The first part
Memorie.al publishes the memoirs of the former senior military, Major General Bako Dervishaj, former senior cadre in the partisan brigades during the Anti-Fascist War, regarding the events of September-October 1943, when after the capitulation of fascist Italy, several thousand troops armed by its soldiers and officers, they joined the Albanian partisans of the National Liberation Army led by Spiro Moisiu and Enver Hoxha. The Unknown Memoirs of Major-General Dervishaj, author of several books of study on the period of the Anti-Fascist War, who in his latest book, entitled “With the Italians”, wrote among other things: “According to the terms of the capitulation, the Army The Italian IX was obliged to end military operations and hand over weapons to the Albanian Resistance forces. But Italian commander-in-chief Renzo Dalmaco refused. He ordered the military units to surrender to the Germans. Only 15,000 soldiers and officers of the “Florence” Division refuse to fall into the hands of the Nazis. Of these, 15,000 enlisted in the ranks of the Albanian Army, forming the “Antonio Gramshi” Battalion.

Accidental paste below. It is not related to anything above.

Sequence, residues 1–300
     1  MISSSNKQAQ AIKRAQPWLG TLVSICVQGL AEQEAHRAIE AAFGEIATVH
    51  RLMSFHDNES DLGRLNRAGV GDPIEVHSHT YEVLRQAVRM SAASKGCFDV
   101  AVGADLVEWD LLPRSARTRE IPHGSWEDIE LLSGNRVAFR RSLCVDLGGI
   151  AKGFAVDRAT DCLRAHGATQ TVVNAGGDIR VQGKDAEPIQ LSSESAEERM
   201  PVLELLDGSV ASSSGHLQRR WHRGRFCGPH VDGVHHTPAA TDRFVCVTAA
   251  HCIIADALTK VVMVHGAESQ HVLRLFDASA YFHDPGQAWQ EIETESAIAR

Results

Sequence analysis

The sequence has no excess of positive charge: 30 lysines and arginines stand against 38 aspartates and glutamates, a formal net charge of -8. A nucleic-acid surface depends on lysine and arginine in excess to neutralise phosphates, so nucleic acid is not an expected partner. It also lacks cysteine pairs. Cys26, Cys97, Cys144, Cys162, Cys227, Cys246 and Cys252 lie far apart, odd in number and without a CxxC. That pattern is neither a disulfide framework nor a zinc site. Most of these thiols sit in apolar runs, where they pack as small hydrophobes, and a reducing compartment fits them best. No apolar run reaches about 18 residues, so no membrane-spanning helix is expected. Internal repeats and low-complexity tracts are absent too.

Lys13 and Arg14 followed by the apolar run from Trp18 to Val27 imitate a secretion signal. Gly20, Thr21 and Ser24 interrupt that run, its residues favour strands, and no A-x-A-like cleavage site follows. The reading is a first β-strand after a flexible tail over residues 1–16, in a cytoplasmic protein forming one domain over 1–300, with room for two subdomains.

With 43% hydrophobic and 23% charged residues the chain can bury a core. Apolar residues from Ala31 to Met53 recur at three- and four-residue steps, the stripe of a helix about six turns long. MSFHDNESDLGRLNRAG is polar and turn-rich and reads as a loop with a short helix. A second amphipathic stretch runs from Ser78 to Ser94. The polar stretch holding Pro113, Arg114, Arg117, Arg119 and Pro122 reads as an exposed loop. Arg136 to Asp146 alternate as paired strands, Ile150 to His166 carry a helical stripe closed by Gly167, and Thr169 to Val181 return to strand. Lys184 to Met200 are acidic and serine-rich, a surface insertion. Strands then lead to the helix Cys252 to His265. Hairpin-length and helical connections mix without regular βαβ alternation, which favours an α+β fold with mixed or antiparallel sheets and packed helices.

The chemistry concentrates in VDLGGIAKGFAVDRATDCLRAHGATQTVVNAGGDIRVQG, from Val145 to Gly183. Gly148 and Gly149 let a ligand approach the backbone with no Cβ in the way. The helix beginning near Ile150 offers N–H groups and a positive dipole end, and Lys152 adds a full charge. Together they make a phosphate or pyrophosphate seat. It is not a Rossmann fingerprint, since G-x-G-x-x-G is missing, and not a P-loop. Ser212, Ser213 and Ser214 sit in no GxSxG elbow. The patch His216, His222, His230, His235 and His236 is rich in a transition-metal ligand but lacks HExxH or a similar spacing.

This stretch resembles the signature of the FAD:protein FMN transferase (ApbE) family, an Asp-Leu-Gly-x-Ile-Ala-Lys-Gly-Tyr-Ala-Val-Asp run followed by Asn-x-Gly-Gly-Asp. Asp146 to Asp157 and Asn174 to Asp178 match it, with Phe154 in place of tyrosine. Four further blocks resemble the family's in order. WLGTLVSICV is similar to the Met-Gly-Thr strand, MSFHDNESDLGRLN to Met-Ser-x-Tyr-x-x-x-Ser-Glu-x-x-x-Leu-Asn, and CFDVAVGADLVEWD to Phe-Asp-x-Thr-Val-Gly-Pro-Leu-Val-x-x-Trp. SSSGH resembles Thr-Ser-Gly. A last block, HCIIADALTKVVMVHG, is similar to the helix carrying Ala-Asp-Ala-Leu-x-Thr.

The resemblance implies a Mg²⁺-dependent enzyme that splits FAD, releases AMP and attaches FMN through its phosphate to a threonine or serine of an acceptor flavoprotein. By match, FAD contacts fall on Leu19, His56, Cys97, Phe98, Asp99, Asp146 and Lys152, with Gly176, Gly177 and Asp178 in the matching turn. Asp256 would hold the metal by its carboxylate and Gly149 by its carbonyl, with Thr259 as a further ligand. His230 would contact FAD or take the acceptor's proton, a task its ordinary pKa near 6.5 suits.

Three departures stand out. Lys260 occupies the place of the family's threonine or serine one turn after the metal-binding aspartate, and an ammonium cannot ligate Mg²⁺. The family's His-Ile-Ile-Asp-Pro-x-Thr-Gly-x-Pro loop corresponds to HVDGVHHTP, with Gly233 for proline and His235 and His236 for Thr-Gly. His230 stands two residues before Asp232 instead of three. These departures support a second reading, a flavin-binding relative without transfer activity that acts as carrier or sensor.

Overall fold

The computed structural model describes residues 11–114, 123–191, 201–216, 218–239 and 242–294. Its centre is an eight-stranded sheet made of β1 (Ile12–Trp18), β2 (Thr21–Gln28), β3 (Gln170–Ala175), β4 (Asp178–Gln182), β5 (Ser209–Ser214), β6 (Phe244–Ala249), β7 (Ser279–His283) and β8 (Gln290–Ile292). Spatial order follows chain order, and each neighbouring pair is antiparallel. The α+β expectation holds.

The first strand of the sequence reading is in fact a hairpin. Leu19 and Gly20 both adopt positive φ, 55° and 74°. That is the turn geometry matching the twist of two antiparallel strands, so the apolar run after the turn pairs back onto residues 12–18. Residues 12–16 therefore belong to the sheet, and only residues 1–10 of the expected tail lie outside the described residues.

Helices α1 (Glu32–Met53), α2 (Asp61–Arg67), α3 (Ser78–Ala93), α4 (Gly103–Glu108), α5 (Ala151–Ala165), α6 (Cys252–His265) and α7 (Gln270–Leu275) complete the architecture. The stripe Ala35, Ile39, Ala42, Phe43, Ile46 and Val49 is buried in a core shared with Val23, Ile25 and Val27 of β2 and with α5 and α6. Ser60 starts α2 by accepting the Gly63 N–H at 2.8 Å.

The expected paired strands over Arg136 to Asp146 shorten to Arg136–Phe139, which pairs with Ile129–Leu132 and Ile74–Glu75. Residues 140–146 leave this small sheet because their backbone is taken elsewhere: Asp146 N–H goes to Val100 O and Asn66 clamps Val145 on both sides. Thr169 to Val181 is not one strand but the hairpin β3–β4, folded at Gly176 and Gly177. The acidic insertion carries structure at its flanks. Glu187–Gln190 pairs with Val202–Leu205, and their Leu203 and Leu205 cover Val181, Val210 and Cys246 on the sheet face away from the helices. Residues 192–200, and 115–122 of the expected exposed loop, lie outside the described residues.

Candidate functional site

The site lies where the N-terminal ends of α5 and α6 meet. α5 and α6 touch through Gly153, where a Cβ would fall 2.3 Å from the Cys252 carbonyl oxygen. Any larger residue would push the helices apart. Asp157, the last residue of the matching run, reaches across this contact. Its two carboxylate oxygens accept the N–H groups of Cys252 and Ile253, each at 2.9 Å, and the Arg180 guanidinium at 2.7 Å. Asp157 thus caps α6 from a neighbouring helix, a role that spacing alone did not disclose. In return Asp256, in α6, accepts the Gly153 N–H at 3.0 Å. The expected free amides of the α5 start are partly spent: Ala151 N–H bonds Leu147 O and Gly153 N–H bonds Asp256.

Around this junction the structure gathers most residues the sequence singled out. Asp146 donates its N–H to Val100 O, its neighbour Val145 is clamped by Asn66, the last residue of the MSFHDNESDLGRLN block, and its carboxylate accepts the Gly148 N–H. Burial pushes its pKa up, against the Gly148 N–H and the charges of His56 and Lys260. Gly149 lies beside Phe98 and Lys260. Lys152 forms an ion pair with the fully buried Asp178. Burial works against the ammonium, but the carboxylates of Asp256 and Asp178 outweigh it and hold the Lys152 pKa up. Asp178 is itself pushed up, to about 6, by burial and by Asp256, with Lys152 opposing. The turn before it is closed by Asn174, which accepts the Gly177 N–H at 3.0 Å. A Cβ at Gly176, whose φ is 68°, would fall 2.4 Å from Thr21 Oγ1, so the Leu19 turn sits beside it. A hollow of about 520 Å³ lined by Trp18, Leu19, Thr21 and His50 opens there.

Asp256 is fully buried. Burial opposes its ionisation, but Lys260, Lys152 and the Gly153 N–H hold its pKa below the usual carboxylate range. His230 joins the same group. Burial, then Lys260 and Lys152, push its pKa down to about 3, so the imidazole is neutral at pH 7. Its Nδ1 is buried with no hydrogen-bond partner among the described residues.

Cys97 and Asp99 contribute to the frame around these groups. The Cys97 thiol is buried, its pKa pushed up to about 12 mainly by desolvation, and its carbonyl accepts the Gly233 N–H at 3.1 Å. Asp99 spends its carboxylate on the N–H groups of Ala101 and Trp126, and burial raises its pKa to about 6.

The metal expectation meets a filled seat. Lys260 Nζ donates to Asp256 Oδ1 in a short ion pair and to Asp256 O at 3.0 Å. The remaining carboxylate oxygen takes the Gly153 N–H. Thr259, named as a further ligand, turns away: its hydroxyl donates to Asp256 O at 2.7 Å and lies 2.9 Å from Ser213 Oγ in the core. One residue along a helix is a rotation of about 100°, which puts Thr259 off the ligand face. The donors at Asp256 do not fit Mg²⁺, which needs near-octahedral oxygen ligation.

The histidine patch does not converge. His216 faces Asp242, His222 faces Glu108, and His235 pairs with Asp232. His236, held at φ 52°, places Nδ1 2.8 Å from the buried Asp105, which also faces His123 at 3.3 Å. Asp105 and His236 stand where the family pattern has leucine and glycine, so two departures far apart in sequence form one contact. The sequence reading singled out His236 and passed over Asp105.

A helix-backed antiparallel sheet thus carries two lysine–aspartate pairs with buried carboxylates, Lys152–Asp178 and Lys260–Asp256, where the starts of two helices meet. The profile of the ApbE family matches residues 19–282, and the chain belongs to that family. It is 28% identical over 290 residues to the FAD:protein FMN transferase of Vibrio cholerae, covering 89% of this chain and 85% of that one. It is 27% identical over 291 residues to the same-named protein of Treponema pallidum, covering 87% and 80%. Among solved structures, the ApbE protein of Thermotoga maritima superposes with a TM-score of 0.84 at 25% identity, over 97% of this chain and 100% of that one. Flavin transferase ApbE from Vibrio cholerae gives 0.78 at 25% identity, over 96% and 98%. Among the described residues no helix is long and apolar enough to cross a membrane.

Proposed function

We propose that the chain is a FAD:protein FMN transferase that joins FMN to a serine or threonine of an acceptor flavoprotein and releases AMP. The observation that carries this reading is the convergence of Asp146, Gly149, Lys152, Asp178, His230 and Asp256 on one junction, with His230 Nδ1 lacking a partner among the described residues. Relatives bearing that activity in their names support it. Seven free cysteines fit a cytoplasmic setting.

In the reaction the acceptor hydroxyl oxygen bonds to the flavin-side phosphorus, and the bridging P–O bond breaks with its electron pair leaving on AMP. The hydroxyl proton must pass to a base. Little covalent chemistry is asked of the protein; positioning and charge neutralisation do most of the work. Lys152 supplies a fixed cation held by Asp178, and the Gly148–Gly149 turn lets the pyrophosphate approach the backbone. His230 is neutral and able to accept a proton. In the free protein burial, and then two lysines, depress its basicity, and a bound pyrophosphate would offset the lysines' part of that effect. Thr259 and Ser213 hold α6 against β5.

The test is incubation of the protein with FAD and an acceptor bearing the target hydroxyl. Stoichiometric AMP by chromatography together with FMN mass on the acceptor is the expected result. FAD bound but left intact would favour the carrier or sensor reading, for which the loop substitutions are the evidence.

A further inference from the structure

“On September 8, 1943, Benito Mussolini’s fascist Italy unconditionally signed the capitulation and abandoned its ally, Adolf Hitler’s Nazi Germany. It was at this point that the long-running odyssey of survival began, of those thousands upon thousands of Italian soldiers and officers who once formed what was called “Mussolini’s legendary 8 million bayonet army.” Under the terms of the capitulation, the Italian Army IX was obliged to end its military operations and hand over its weapons to the Albanian Resistance forces. But Italian commander-in-chief Renzo Dalmaco refused. He ordered the military units to surrender to the Germans. Only 15,000 soldiers and officers of the “Florence” Division refuse to fall into the hands of the Nazis. Of these, 15,000 enlisted in the ranks of the Albanian Army, forming the “Antonio Gramshi” Battalion. This is what Major-General Bako Dervishaj, a former commander in some of the partisan units during the Anti-Fascist War, writes in his memoirs, which stops at a long time, describing the unknown history of Italian soldiers who came as invaders and triumphants. in Albania, and then left defeated. One of the most interesting events he witnesses in his memoirs are those after the capitulation of the Italian army, where hundreds of Italian soldiers joined the Albanian partisans and fought in their ranks until the end of the War in November 1944.